Half-life
Number of half-lives elapsed |
Fraction remaining |
Percentage remaining | |
---|---|---|---|
0 | 1⁄1 | 100 | |
1 | 1⁄2 | 50 | |
2 | 1⁄4 | 25 | |
3 | 1⁄8 | 12 | .5 |
4 | 1⁄16 | 6 | .25 |
5 | 1⁄32 | 3 | .125 |
6 | 1⁄64 | 1 | .5625 |
7 | 1⁄128 | 0 | .78125 |
n | 1⁄2^{n} | 100⁄2^{n} |
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Half-life (symbol t_{½}) is the time required for a quantity (of substance) to reduce to half of its initial value. The term is commonly used in
The original term, half-life period, dating to
Half-life is constant over the lifetime of an exponentially decaying quantity, and it is a
Probabilistic nature
A half-life often describes the decay of discrete entities, such as radioactive atoms. In that case, it does not work to use the definition that states "half-life is the time required for exactly half of the entities to decay". For example, if there is just one radioactive atom, and its half-life is one second, there will not be "half of an atom" left after one second.
Instead, the half-life is defined in terms of probability: "Half-life is the time required for exactly half of the entities to decay on average". In other words, the probability of a radioactive atom decaying within its half-life is 50%.^{[2]}
For example, the accompanying image is a simulation of many identical atoms undergoing radioactive decay. Note that after one half-life there are not exactly one-half of the atoms remaining, only approximately, because of the random variation in the process. Nevertheless, when there are many identical atoms decaying (right boxes), the law of large numbers suggests that it is a very good approximation to say that half of the atoms remain after one half-life.
Various simple exercises can demonstrate probabilistic decay, for example involving flipping coins or running a statistical computer program.^{[3]}^{[4]}^{[5]}
Formulas for half-life in exponential decay
An exponential decay can be described by any of the following four equivalent formulas:^{[6]}^{: 109–112 } where
- N_{0} is the initial quantity of the substance that will decay (this quantity may be measured in grams, moles, number of atoms, etc.),
- N(t) is the quantity that still remains and has not yet decayed after a time t,
- t_{½} is the half-life of the decaying quantity,
- τ is a mean lifetimeof the decaying quantity,
- λ is a positive number called the decay constantof the decaying quantity.
The three parameters t_{½}, τ, and λ are directly related in the following way:where ln(2) is the natural logarithm of 2 (approximately 0.693).^{[6]}^{: 112 }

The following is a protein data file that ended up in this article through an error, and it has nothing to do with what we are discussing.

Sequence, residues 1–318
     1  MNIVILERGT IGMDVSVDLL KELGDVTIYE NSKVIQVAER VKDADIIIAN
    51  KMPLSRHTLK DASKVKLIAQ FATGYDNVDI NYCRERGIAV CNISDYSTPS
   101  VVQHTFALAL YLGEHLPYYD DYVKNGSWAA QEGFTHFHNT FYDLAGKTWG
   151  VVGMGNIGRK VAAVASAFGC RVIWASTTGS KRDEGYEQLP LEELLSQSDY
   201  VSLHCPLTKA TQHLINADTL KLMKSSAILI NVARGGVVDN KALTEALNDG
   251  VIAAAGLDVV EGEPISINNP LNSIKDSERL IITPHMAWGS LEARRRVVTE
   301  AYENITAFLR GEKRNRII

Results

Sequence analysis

Half-life and reaction orders
In chemical kinetics, the value of the half-life depends on the reaction order:
Zero order kinetics
The rate of this kind of reaction does not depend on the substrate concentration, [A]. Thus the concentration decreases linearly.
- The integrated rate lawof zero order kinetics is:
In order to find the half-life, we have to replace the concentration value for the initial concentration divided by 2: and isolate the time:This t_{½} formula indicates that the half-life for a zero order reaction depends on the initial concentration and the rate constant.
First order kinetics
In first order reactions, the rate of reaction will be proportional to the concentration of the reactant. Thus the concentration will decrease exponentially. as time progresses until it reaches zero, and the half-life will be constant, independent of concentration.
The time t_{½} for [A] to decrease from [A]_{0} to 1/2[A]_{0} in a first-order reaction is given by the following equation:It can be solved forFor a first-order reaction, the half-life of a reactant is independent of its initial concentration. Therefore, if the concentration of A at some arbitrary stage of the reaction is [A], then it will have fallen to 1/2[A] after a further interval of Hence, the half-life of a first order reaction is given as the following:
The half-life of a first order reaction is independent of its initial concentration and depends solely on the reaction rate constant, k.
Second order kinetics
In second order reactions, the rate of reaction is proportional to the square of the concentration. By integrating this rate, it can be shown that the concentration [A] of the reactant decreases following this formula:
We replace [A] for 1/2[A]_{0} in order to calculate the half-life of the reactant A and isolate the time of the half-life (t_{½}):This shows that the half-life of second order reactions depends on the initial concentration and rate constant.
Decay by two or more processes
Some quantities decay by two exponential-decay processes simultaneously. In this case, the actual half-life T_{½} can be related to the half-lives t_{1} and t_{2} that the quantity would have if each of the decay processes acted in isolation: